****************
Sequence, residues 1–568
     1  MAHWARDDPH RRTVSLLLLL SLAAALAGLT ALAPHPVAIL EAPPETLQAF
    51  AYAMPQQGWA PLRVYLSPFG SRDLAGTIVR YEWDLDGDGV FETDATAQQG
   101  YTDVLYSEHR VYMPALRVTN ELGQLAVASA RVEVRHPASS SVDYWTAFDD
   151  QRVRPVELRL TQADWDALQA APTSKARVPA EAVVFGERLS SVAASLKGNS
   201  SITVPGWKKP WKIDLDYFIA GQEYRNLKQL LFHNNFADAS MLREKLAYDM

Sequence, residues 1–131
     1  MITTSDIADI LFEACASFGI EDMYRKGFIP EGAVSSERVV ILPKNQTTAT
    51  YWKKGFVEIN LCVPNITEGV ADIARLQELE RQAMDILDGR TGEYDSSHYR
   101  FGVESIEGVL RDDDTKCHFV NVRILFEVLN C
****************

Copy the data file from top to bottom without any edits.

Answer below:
Sequence, residues 1–568
     1  MAHWARDDPH RRTVSLLLLL SLAAALAGLT ALAPHPVAIL EAPPETLQAF
    51  AYAMPQQGWA PLRVYLSPFG SRDLAGTIVR YEWDLDGDGV FETDATAQQG
   101  YTDVLYSEHR VYMPALRVTN ELGQLAVASA RVEVRHPASS SVDYWTAFDD
   151  QRVRPVELRL TQADWDALQA APTSKARVPA EAVVFGERLS SVAASLKGNS
   201  SITVPGWKKP WKIDLDYFIA GQEYRNLKQL LFHNNFADAS MLREKLAYDM

Sequence, residues 1–131
     1  MITTSDIADI LFEACASFGI EDMYRKGFIP EGAVSSERVV ILPKNQTTAT
    51  YWKKGFVEIN LCVPNITEGV ADIARLQELE RQAMDILDGR TGEYDSSHYR
   101  FGVESIEGVL RDDDTKCHFV NVRILFEVLN C